Palace on Poe DQ case: Petitioners not connected with admin

Aurea Calica (The Philippine Star) - December 12, 2015 - 9:00am

MANILA, Philippines - Malacañang yesterday denied it was getting rid of the rivals of the administration’s presidential candidate Manuel Roxas II, saying those seeking the disqualification of Sen. Grace Poe from the presidential race do not have links with the government.

Deputy presidential spokesperson Abigail Valte said that while President Aquino appointed some of the commissioners of the Commission on Elections (Comelec), they decide on their own in cases involving candidates.  

Valte said it was easy to make allegations that there was a “pattern of getting rid of rivals,” as former senator Richard Gordon puts it, but these were baseless allegations.

She noted that the residency and citizenship issues against Poe were first raised by Navotas Rep. Tobias Tiangco, interim president of opposition party United Nationalist Alliance (UNA).

This happened after Poe beat Vice President Jejomar Binay, UNA’s presidential candidate, in the pre-election surveys for president.

Valte also noted that the petitioners seeking the disqualification of Poe – former senator Francisco Tatad, De La Salle University professor Antonio Contreras, former University of the East College of Law dean Amado Valdez and former Government Service Insurance System legal counsel Estrella Elamparo – were not allies of the Aquino administration. 

She said Tatad and Contreras were known critics of President Aquino and Malacañang did not have a relationship with Elamparo.

“It is clear who these people are. They have their own reasons (in filing disqualification cases against Poe). Let us not connect them with the administration because it is quite a hard sell already,” she added.

Malacañang made the statement after Comelec Commissioners Luie Tito Guia and Rowena Guanzon of the First Division on Friday granted the petitions of Tatad, Contreras and Valdez to disqualify Poe due to residency and citizenship issues, just days after the Second Division granted Elamparo’s petition.

In the 49-page resolution, Comelec’s First Division ruled that Poe had committed “material misrepresentations” on her certificate of candidacy for president concerning her citizenship and residency. The division also cancelled her COC.

But First Division presiding commissioner Christian Robert Lim submitted an 81-page dissenting opinion against Poe’s disqualification.

Valte pointed out that Lim is an appointee of the President and yet Lim dissented in the ruling against Poe.

“So how do we say the Comelec is being controlled or influenced? I think the facts will bear themselves out that these allegations are mere allegations and do not have any basis,” she added.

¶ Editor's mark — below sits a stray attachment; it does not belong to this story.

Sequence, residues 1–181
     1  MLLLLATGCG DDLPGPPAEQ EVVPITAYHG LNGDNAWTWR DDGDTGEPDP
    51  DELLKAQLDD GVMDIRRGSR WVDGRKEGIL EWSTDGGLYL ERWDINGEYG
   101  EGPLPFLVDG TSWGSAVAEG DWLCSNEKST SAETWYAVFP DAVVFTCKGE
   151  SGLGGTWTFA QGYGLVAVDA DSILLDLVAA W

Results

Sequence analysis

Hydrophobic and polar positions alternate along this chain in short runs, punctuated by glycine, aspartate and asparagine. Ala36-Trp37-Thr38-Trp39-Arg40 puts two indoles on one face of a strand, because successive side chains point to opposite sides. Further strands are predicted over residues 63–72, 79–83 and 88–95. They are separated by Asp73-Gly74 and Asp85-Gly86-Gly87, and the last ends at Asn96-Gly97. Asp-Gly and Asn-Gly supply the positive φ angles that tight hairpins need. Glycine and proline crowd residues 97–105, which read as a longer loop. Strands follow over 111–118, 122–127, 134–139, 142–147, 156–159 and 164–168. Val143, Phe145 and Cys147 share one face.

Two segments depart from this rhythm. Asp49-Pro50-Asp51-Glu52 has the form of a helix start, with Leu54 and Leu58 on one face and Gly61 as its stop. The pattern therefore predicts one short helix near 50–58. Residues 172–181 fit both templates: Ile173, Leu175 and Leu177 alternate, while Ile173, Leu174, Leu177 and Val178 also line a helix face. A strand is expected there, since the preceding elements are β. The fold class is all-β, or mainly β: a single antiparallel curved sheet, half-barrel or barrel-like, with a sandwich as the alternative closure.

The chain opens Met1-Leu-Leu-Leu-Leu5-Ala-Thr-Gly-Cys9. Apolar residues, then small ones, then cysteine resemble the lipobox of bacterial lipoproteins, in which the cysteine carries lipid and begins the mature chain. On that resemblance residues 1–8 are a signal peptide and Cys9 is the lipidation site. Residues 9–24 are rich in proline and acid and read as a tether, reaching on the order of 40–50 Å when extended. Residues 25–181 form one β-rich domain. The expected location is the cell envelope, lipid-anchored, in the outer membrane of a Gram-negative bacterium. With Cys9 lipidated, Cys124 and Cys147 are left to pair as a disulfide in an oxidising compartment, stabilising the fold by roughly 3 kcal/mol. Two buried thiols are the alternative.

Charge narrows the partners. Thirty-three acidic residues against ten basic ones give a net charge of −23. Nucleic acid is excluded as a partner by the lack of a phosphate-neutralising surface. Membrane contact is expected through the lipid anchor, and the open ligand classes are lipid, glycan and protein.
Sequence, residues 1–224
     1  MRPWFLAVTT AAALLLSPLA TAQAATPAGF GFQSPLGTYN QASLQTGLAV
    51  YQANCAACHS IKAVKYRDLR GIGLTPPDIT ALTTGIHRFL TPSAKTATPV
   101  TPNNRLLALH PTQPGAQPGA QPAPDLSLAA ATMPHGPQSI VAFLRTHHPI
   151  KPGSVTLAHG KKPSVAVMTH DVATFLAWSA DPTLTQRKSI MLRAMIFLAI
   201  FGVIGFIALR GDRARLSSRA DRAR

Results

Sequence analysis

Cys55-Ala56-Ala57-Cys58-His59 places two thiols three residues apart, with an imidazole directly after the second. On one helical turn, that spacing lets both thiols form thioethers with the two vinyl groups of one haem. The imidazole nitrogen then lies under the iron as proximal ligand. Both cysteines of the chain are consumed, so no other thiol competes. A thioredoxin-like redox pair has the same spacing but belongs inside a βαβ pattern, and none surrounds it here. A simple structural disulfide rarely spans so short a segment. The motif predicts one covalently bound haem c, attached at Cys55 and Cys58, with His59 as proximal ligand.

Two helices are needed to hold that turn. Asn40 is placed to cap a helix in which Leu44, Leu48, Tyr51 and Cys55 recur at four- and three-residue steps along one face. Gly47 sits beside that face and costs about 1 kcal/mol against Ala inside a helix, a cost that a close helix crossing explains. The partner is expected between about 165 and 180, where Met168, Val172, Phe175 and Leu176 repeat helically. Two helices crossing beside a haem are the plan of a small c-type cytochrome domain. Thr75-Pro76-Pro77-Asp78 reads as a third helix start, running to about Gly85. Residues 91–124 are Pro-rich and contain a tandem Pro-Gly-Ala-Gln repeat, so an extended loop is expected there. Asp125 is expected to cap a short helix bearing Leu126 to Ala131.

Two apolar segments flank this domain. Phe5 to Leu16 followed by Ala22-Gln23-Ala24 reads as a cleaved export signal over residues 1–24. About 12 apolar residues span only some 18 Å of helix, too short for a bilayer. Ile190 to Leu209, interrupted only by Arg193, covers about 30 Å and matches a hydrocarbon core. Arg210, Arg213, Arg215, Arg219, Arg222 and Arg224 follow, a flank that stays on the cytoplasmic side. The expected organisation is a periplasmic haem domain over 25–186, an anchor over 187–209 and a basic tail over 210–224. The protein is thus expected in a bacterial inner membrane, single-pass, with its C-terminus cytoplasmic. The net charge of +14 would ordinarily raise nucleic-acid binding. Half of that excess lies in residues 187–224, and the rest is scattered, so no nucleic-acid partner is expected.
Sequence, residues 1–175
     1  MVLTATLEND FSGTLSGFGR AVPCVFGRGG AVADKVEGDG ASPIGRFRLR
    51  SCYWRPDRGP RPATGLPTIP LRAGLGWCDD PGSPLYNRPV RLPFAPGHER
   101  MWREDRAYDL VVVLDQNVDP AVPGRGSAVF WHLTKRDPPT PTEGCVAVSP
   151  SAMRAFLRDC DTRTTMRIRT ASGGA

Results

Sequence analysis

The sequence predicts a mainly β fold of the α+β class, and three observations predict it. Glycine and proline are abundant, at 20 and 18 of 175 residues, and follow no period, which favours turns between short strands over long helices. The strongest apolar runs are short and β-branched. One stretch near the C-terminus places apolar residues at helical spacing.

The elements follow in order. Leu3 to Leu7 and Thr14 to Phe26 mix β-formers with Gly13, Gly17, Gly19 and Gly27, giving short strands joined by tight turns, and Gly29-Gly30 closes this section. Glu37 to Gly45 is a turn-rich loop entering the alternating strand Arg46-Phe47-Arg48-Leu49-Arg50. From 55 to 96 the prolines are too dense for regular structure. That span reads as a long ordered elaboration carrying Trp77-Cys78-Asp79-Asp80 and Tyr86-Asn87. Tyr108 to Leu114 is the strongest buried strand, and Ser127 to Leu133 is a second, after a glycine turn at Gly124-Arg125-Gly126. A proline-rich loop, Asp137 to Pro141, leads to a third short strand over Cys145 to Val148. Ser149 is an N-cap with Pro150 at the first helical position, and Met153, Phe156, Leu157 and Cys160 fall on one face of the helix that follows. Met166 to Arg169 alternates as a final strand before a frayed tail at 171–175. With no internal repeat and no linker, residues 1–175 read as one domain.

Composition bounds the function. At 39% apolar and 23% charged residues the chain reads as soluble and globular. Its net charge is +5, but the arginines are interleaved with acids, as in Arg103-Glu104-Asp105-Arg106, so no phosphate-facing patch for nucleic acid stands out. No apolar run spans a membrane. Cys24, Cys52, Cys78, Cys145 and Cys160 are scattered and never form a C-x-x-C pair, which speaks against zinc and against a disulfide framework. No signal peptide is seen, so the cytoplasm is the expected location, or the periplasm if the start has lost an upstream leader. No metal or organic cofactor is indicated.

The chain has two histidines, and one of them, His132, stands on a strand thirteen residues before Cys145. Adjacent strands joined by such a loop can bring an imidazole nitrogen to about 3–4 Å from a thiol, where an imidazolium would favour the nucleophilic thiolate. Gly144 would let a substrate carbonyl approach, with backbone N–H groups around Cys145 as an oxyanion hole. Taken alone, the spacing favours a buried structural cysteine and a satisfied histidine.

‘Deep regret’

Meanwhile, Guia has admitted that he voted to disqualify Poe with “deep regret.”

“To be asked to disallow a leading candidate for president from continuing as a candidate is one difficult challenge that every election dispute adjudicato can ever face…It is with deep regret that we have to resolve the petitions this way,” Guia said in a concurring opinion on the decision of the Comelec First Division to disqualify Poe.

Guia also said that the “urge and temptation to resolve these petitions via the principle of vox populi vox dei (voice of the people is the voice of God) as proposed by many is hard to resist. Many have suggested that we should just brush aside the legal issues involved and leave the matter on whether the respondent can be a president of the country to the voters.”

But Guia maintained that in deciding against Poe, he was constrained by his duty and mandate to decide cases within the bounds of his authority.

“We merely performed what the Constitution mandates us to do…What needs to be emphasized, however, is that in a constitutional democracy, respect of the Rule of Law is important and indispensable. Rule of Law revolves around the respect of the Constitution and validly enacted statues,” he added.

He explained that the First Division found that Poe, “under Philippine Constitution, cannot consider herself as a natural-born citizen.” As defined in the Constitution, natural-born citizens “are those who are citizens of the Philippines from birth without having to perform any act to acquire or perfect any act to acquire or perfect their Philippine citizenship.”

Guia could not agree with Poe’s argument that she should be presumed to be a natural-born citizen of the Philippines considering that she was found within Philippine territory.

“How we wish we could make said presumption. Regretfully, we cannot. To do so would provide what the Constitution clearly does not,” he said.

Regarding Poe’s residency, Guia said that he was not convinced that in May 2005, Poe had the “intention to stay in the Philippines permanently.”

“It was important to note that she was still a United States citizen in May 2005. The probability that she still has, at the back of her mind, the intention to go back eventually to the United States persists in the absence of additional proof to the contrary,” he explained.

“Technically she still maintained allegiance to the United States in 2005 of which she was a citizen at that time, not to the Philippines up until her petition for reacquisition of citizenship was approved on July 18, 2006…Her intent to reside in the Philippines permanently and to abandon her domicile in the United States were therefore not yet evident at that time,” he added. – With Sheila Crisostomo


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